Scenario 1: According to conventional wisdom, you address the biggest cost area, which is operator labor. Additionally, labor is a variable expense, which means it can be cut relatively easily (fixed expenses are much harder to scale back). In addition, the effects of labor adjustments will be quickly recognized, whereas reductions in non-labor related expenses take longer to materialize.

In any operator schedule, there will be some gray areas. These include the number of operators required at specific times and the length of certain shifts. Even after eliminating these disputable items, there is still considerable, and painful, cutting to do. Eventually, the sagacious scheduler will make the required cuts, resulting in the targeted goal of a 10% reduction. The annualized results look like this:

Labor                               $400,000         44%
Overhead                        $500,000         56%
Total Expenses:              $900,000       100%

The targeted 10% cost reduction has been accomplished, profitability has been restored, and things are good, right? Not necessarily so. The cutting was completely realized by attacking operator labor. Since the overhead remained unchanged, operator labor was actually subjected to a 20% reduction. This will produce a noticeable drop in customer service levels, both measurably by the answering service and perceptibly by the callers. An increase in complaints will result, increasing work for supervisors and managers, while further taxing the operators, who are now working even harder. It is also likely that some clients will cancel, causing income to fall, taking some of the newfound profits with them. This scenario exemplifies the old saw of “winning the battle, but losing the war.”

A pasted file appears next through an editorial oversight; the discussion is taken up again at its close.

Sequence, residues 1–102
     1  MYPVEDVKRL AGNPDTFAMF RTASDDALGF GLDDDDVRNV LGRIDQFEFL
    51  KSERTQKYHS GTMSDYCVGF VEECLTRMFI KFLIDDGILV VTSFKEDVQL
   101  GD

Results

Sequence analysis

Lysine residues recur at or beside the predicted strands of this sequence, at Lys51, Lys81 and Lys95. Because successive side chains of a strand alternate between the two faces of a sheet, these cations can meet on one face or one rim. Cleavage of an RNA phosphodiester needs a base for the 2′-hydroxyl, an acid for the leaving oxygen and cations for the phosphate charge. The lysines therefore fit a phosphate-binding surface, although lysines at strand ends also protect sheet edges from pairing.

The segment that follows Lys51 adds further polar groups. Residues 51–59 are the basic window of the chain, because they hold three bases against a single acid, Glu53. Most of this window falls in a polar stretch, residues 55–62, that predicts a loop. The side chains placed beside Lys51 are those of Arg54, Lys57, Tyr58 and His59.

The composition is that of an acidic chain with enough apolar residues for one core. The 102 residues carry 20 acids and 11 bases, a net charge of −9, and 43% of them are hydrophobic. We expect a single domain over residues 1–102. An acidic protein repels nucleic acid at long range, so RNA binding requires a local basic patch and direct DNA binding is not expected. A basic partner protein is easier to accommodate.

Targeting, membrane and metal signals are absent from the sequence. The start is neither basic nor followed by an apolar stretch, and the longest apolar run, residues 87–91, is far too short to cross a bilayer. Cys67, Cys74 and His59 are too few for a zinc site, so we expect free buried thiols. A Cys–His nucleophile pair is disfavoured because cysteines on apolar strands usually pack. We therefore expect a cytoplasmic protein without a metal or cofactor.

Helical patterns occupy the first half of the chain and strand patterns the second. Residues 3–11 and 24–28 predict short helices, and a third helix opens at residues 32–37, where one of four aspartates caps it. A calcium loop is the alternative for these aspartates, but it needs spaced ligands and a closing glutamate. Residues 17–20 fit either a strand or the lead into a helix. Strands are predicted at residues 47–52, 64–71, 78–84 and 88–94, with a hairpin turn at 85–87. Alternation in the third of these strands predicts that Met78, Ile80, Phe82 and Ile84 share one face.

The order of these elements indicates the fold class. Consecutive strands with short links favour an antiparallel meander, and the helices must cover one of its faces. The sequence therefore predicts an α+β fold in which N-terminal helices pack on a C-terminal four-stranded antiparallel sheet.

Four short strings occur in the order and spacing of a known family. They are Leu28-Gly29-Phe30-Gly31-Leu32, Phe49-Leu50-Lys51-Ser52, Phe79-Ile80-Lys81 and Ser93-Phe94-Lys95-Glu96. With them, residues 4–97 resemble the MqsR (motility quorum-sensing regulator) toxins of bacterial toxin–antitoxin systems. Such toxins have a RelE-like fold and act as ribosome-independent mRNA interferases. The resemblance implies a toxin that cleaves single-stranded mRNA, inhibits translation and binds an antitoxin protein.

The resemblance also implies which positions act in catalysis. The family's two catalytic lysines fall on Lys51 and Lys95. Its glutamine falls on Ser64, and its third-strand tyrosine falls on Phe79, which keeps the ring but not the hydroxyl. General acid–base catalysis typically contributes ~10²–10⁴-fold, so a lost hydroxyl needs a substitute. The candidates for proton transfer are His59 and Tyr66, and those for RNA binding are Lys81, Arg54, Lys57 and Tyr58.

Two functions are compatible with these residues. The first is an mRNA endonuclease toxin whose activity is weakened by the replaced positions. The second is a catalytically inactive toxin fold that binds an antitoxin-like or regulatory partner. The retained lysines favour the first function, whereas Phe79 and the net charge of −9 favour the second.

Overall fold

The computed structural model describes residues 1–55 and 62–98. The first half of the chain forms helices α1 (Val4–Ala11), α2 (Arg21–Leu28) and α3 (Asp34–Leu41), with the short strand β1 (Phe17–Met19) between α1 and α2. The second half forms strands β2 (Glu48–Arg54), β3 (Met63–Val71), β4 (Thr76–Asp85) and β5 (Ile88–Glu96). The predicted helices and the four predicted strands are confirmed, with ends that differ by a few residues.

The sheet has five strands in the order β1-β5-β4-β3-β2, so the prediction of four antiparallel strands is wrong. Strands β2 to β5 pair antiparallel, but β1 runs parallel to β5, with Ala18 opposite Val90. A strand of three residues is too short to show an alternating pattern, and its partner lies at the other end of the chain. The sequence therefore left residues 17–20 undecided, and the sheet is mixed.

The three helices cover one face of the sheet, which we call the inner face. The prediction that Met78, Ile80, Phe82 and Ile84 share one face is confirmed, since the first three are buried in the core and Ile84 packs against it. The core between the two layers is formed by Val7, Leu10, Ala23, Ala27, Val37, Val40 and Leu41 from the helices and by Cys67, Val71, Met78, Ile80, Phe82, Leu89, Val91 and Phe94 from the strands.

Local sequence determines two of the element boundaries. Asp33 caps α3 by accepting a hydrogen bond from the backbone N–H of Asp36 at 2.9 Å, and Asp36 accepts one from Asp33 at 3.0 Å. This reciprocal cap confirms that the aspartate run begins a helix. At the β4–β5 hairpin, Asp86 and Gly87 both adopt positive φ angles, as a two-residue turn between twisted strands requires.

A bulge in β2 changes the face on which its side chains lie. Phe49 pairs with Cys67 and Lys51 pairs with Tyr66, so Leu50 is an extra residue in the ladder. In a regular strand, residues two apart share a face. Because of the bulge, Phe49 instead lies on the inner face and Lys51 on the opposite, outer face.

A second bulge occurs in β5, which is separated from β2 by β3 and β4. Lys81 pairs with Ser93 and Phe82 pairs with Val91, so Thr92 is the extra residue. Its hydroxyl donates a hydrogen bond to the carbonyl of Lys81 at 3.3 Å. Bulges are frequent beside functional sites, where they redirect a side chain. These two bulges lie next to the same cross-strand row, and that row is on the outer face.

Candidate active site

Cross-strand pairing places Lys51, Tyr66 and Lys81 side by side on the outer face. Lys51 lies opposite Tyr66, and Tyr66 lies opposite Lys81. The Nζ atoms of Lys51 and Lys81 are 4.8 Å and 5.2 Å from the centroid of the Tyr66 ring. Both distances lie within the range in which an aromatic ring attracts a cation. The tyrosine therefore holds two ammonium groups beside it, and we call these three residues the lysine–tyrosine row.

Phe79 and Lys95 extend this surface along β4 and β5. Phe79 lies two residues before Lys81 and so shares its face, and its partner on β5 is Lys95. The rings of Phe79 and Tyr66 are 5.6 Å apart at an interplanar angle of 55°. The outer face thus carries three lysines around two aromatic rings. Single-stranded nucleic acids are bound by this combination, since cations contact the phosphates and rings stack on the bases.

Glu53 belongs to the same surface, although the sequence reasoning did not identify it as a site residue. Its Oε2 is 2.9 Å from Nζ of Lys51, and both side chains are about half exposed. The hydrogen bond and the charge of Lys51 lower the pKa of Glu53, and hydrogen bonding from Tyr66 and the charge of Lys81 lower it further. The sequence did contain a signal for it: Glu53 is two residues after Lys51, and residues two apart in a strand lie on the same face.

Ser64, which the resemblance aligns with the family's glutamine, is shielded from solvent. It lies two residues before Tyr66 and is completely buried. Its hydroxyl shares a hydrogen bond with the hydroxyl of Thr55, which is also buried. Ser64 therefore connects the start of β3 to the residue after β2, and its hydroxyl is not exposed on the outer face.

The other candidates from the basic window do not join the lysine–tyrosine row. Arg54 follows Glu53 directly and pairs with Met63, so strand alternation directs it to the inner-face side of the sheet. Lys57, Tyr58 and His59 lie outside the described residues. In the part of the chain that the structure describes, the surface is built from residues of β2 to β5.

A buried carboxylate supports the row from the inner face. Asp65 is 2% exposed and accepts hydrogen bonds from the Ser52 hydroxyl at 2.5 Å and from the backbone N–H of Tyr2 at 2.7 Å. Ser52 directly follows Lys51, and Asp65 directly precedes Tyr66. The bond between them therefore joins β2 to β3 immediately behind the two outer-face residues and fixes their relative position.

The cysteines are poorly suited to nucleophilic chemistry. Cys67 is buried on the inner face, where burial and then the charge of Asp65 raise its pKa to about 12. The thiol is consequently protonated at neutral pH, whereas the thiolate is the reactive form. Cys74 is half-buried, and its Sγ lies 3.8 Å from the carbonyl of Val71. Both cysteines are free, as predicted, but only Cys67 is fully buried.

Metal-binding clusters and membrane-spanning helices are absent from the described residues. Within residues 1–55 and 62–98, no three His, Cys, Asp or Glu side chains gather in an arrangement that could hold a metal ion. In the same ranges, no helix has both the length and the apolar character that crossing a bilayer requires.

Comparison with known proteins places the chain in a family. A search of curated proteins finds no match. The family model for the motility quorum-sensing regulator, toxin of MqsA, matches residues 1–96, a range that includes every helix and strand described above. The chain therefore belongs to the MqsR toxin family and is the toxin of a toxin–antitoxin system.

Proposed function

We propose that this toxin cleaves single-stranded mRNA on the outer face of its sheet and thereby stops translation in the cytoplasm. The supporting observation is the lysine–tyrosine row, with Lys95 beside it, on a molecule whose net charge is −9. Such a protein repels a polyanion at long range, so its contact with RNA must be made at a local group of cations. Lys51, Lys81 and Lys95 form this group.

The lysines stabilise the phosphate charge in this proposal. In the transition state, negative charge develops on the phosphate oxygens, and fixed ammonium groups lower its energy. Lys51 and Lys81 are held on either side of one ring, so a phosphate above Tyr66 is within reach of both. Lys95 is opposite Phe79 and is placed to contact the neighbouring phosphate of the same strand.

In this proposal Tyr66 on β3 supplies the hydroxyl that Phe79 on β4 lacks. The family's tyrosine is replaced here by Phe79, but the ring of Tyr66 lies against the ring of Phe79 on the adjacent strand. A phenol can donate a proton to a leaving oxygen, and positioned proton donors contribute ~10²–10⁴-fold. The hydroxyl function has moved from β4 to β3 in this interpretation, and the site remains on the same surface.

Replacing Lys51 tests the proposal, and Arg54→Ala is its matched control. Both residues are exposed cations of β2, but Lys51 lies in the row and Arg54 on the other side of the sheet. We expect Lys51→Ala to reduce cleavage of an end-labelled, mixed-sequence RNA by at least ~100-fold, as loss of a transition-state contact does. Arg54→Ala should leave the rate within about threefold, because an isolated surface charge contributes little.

To extend this unwise scenario, achieving the preceding and overly ambitious goal of 28% labor cost, operator labor would need to be reduced an additional $205,556!  This would result in:

Labor                               $194,444         28%
Overhead                        $500,000         72%
Total Expenses:              $694,444       100%

Scenario 2: The prudent manager will realize that the answering service’s carefully devised schedule is essentially correct. The operators (labor expense) are the main factor in determining the quality of service offered and the resulting client satisfaction. Once the operator schedule has been verified as appropriate, the cost reduction efforts should focus on overhead – that is, those activities that do not directly affect the provision of quality service.